1. Aware of her growing popularity, Austen had anxiety over how Emma would be received by the reading public, writing: “My great anxiety at present, is that this fourth work should not disgrace what was good in the others… I am strongly haunted by the idea that those readers who preferred P&P it will appear inferior in wit, and to those who have preferred MP, very inferior in good sense.”
2. Lord Byron’s publisher, John Murray, offered Austen £450 to publish Emma in return for the copyrights of Emma and Sense and Sensibility and Mansfield Park—which would leave Austen with little revenue from the sale of her books. Apparently, Austen called Murray a “rogue”, resolving to retain the copyright herself. While Murray would eventually publish Emma without gaining the copyright, Austen paid for advertising and the initial print run of the novel.
3. Many know that the Prince Regent enjoyed Austen’s novels so much that he had his librarian encourage her to dedicate a work to him. Her dedication on the front of Emma reads:
“To His Royal Highness the Prince Regent this work is, by His Royal Highness’s permission, most respectfully dedicated by His Royal Highness’s dutiful and obedient humble servant,
However, there are a few subversive comments in Emma about the those in the royal court:
There is critique of the bathing areas around Britain (where the royal family spent time), with Knightley describing one as “one of the idlest haunts in the kingdom."
Brunswick Square in London (where Isabella and John Knightley live) may have been a nod to Caroline of Brunswick, the wife of George IV of the United Kingdom (perviously the Prince Regent). Queen Caroline was a divisive figure, her husband detested her and tried to divorce her, but the public loved her, The Queen Caroline Affair makes for some juicy historical reading!
Once separated, Queen Caroline only referred to husband as His Royal Highness—the way Austen refers to him again and again in her short dedication.
Some scholars believe that Harriet's sea-themed guesses of Mr. Elton's riddle are more on the mark than originally suspected, insisting that it is a reference to Charles Lamb's satirical poem "Triumph of the Whale", playing on the prince's waistline and his Prince fo Wales title.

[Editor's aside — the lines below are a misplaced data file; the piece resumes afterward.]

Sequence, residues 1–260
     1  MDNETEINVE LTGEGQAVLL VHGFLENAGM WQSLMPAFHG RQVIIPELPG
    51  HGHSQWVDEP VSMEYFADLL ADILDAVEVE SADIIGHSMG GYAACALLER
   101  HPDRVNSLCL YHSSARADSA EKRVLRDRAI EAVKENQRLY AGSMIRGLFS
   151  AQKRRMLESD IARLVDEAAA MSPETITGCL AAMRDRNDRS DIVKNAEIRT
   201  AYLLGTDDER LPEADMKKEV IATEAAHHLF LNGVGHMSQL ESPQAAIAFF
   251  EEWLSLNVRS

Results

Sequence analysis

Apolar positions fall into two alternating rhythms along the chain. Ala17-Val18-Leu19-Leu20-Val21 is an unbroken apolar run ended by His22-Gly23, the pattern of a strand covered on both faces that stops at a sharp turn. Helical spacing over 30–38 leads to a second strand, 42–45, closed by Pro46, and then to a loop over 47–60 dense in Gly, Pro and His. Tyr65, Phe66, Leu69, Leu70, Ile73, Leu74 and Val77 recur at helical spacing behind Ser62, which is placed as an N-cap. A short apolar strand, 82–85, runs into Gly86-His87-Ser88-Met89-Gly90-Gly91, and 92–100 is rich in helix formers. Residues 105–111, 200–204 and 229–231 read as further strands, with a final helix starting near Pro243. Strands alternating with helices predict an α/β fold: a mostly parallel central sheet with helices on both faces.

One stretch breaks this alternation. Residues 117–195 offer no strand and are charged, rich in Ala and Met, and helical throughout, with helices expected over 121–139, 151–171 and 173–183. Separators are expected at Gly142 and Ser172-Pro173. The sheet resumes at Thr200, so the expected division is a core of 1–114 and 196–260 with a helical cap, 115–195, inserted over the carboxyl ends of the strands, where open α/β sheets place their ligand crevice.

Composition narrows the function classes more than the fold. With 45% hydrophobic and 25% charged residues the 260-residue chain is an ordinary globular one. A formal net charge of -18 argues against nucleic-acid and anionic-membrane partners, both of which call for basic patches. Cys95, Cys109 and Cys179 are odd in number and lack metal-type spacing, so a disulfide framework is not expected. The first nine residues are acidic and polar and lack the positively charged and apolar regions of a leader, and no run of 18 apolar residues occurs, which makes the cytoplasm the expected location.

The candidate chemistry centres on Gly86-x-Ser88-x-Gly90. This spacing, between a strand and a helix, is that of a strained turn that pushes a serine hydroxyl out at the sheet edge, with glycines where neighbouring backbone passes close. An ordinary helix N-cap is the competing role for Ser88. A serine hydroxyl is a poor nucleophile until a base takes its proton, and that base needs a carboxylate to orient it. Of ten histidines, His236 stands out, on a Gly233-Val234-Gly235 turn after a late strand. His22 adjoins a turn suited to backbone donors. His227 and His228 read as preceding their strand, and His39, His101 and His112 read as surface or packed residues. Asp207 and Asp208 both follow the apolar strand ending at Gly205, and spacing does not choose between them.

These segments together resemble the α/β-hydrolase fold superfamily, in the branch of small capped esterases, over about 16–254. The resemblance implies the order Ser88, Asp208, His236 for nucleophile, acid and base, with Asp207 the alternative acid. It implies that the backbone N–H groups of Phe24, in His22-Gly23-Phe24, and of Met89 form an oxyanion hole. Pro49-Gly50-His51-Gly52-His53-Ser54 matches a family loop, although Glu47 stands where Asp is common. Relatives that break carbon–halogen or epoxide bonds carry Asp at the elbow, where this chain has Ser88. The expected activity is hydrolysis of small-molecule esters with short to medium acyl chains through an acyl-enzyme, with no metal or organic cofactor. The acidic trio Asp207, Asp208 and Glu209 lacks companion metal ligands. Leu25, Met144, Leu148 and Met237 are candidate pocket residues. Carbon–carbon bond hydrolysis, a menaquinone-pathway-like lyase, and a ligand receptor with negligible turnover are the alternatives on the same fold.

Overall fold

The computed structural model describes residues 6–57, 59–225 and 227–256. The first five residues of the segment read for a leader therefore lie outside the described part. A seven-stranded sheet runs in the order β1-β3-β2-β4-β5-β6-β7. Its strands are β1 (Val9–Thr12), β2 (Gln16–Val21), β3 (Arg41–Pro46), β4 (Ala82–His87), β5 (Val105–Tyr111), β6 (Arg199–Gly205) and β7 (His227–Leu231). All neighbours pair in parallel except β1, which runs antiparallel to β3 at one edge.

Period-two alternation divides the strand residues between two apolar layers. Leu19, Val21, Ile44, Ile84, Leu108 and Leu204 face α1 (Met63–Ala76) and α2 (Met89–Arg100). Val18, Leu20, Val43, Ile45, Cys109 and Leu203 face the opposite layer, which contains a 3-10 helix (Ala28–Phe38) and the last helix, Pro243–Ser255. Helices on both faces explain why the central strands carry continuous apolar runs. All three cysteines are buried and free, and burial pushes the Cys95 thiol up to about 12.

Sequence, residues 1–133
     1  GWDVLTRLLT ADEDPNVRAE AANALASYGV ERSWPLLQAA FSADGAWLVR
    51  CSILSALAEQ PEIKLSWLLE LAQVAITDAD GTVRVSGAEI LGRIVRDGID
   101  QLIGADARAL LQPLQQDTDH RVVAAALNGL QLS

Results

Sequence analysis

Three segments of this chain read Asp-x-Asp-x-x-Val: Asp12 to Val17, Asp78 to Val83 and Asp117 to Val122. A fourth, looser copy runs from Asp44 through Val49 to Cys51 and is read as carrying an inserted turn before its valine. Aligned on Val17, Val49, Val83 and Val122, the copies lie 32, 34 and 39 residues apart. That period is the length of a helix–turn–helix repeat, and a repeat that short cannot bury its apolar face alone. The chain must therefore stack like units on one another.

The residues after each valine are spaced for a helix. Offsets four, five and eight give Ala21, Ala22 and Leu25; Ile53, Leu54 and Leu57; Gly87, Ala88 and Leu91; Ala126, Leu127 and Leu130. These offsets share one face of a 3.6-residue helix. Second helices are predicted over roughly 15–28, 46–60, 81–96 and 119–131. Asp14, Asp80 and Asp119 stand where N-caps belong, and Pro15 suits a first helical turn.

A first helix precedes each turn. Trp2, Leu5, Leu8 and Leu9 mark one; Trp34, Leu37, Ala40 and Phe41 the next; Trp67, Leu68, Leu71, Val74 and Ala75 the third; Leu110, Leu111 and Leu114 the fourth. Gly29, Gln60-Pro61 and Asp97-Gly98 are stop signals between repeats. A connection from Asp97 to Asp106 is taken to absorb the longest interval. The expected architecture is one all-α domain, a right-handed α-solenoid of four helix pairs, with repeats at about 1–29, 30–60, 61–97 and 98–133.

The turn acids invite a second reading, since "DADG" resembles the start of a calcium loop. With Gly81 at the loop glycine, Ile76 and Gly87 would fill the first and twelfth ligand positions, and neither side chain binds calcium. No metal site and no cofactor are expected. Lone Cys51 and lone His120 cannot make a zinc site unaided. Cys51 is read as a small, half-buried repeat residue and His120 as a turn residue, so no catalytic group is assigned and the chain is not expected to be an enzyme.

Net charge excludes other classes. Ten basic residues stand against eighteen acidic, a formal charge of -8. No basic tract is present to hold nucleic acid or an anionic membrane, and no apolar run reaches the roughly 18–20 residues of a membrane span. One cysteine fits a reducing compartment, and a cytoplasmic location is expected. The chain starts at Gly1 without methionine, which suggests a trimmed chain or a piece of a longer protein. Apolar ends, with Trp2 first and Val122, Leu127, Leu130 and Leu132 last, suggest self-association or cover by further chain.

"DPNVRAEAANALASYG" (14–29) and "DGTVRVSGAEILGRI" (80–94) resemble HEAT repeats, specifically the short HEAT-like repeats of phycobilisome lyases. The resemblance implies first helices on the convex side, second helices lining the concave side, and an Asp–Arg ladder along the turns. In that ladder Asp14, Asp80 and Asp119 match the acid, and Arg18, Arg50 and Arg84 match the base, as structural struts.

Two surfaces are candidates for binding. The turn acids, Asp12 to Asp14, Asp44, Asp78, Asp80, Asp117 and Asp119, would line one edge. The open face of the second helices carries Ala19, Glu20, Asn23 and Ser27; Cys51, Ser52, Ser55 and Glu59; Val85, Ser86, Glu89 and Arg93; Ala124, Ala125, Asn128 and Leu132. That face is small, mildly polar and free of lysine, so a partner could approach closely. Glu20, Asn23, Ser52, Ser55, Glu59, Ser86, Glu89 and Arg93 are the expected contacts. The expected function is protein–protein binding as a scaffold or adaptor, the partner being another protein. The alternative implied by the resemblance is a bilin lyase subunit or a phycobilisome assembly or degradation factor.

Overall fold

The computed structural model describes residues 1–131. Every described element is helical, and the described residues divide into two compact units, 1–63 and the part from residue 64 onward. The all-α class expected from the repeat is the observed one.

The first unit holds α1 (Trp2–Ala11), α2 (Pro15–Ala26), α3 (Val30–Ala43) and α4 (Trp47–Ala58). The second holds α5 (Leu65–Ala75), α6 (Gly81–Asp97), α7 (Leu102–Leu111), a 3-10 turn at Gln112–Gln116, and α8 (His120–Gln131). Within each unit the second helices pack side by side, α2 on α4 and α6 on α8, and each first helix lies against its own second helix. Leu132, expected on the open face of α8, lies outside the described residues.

4. Unlike Austen’s other protagonists, Emma is financially secure; a detail that spurs a lot of her actions (and those in the novel).
5. It is the only one of Austen’s complete novels that has, as the title, the protagonist’s name—showing us immediately that everything will revolve around Emma. (Note: Lady Susan is considered a novella).
6. Unlike the settings in most of Austen’s other novels where characters and readers alike visit Bath, London, or Northanger Abbey, we never leave Highbury in Emma.
7. Austen pioneered free indirect speech, where she balanced the authors voice within the mind of her characters. In Emma, there are only four instances in the novel where the perspective shifts from Emma, when:
Mr. Knightly is speaking confidentially with Mrs. Weston.
Mr. Knightley’s voices suspicions about Frank Churchill.
Mr. Knightley and Mrs. Elton discuss the strawberry party.
Mrs. Weston tells her husband about Emma’s engagement.
8. For a novel about misunderstandings, manipulations, and secrets, the word ‘seems’ or ’seemed’ appears 70 times throughout the text.
9. For characters who move the plot along, both Robert Martin and Jane Fairfax actually say very little throughout the novel.
10. Both Emma and Elizabeth Bennet (from Pride and Prejudice) are two active protagonists who end up having equal relationships with their love interests. And both characters have fathers who ‘fail’ to govern their household ‘properly’. Coincidence?